The biggest lie homeschoolers tell is that home education is not right for everyone. School is totally ineffective. We all know our schools are broken. We are trying to fix them. So the kids in schools are guinea pigs. The bar is very low for how much better life needs to be outside of school for it to be better than school. [Penelope Trunk Education]


While a lot of moms will say, ‘You’ve got to choose what’s right for you,’ and ‘Consider the pros and cons and weigh it all up,’ I am going to just come out and say it. Yes, you should homeschool your child. School’s not hard to beat. I know this because I wrote a book about it with plenty of statistics on all of these issues. I’ve looked at the pros and cons of home education closely and experienced these for myself. I can now say with confidence, homeschooling wins hands-down.

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Rebecca Devitt

Most adults don't particularly want to relive their schooling experience on a daily basis. They would gladly move on to a new life devoid of homework and teachers. Very, very few adults will passionately blog about their schooling some 15 years after graduating. This makes Rebecca Devitt somewhat unique. As it happens, she was homeschooled. And she loved it. Still does. And she wishes every kid could get a taste of homeschooling at its very best. Her website How Do I Homeschool, is a springboard for parents to see what a life of homeschooling could be for both them & their children. When she's not blogging Rebecca is still homeschooling her-adult-self by learning Latin, growing weird vegetables and most importantly looking after her two children Luke & Penny. She has a husband Tristan and is a participant at Wollongong Baptist Church. She's also written a book about why parents should homeschool called 'Why on Earth Homeschool'.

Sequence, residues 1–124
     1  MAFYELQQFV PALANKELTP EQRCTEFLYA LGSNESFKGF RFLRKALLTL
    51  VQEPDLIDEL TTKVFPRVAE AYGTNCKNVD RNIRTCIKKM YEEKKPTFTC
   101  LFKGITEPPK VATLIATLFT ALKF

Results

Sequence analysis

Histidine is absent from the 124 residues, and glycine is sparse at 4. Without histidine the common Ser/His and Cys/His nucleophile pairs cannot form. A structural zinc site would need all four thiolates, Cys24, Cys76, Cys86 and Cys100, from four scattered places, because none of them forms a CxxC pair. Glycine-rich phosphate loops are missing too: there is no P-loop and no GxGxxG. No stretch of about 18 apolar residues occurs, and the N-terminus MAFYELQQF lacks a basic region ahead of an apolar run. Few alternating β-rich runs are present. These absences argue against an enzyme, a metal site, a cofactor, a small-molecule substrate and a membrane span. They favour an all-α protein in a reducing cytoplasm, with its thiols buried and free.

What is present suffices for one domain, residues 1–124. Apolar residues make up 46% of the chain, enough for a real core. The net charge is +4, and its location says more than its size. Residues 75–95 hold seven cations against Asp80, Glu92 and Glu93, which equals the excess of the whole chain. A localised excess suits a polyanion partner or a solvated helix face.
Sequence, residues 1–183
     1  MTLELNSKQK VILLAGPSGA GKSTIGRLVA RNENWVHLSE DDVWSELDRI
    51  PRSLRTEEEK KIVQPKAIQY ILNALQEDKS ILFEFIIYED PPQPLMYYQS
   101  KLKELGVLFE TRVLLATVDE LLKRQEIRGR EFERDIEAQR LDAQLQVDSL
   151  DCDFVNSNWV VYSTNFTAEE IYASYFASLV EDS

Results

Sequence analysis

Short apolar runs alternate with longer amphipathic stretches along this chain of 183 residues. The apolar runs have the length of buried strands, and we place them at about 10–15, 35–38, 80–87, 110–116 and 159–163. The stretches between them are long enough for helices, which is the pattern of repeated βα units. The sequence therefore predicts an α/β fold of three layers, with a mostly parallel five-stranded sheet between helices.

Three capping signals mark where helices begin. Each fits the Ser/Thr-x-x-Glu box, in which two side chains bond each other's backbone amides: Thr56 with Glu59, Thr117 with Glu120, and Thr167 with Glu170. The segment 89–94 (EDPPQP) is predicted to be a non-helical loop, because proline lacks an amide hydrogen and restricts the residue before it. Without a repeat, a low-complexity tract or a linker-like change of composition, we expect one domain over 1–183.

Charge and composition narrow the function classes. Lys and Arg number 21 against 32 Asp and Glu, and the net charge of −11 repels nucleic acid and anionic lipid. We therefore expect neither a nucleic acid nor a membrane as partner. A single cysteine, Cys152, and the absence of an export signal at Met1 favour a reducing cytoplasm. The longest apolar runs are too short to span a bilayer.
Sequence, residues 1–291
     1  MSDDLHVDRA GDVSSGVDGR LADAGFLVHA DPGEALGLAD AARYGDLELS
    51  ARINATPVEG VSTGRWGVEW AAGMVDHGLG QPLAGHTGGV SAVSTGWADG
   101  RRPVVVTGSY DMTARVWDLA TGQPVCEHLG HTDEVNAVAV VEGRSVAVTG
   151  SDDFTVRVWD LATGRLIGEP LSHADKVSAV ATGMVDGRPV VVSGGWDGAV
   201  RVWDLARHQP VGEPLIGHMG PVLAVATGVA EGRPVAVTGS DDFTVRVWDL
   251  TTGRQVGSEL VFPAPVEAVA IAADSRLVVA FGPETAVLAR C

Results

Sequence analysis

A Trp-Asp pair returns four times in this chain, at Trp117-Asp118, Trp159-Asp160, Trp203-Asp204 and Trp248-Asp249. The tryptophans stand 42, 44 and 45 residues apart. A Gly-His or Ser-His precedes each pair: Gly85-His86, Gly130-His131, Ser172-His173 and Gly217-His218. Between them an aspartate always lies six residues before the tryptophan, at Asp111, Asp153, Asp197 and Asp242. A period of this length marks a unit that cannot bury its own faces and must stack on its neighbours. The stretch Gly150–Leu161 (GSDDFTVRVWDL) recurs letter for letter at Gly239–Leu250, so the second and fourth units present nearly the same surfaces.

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  1. I like this article a lot. I just recently (last week) started homeschooling my youngest child and in that week I have noticed a major difference in his happiness and learning. The school system is definitely broken, here in Texas at least. I am trying to talk my older son into becoming a home school student also. I would just take him out of the system if I could but I also know better than to push a pre-teen boy into leaving all his social ties. I have also read other articles that back this up and say that if a child is active in the decision he/she will embrace it more easily and it will result in a better schooling atmosphere than being forced into it and there being negative feelings and emotions about the homeschooling. I know my daughter which is my oldest is way too happy with the socialization in her school. Public school works for her because she is a social butterfly and is in all Pre-AP classes so there’s not much busy work for her. I was apprehensive about homeschooling for about a year before actually withdrawing my son. I also had been fed negative information about non-public educated kids but what I was seeing with the treatment of my son by his own teachers was heart wrenching. His english/Language arts teacher told me this year that she “did not have the training to deal with” my son. I have had zero problems out of him. He is very interested in learning and is completing 20+ assignments a day for his class without many reminders from me. He loves telling me all the new things he learned that day. He is unfortunately almost a year behind in school because we had to start his 3rd grade year over again so instead of him getting ahead he is technically just “catching up”. We are definitely happier now not having to deal with his elementary school. He will have to start going to his speech classes but hopefully that wont affect him much. He is amazing in every way and nothing at all like what the teachers this year said he was like. Thank you for spreading information like this for all of us out here who are looking into better ways to raise and teach our children.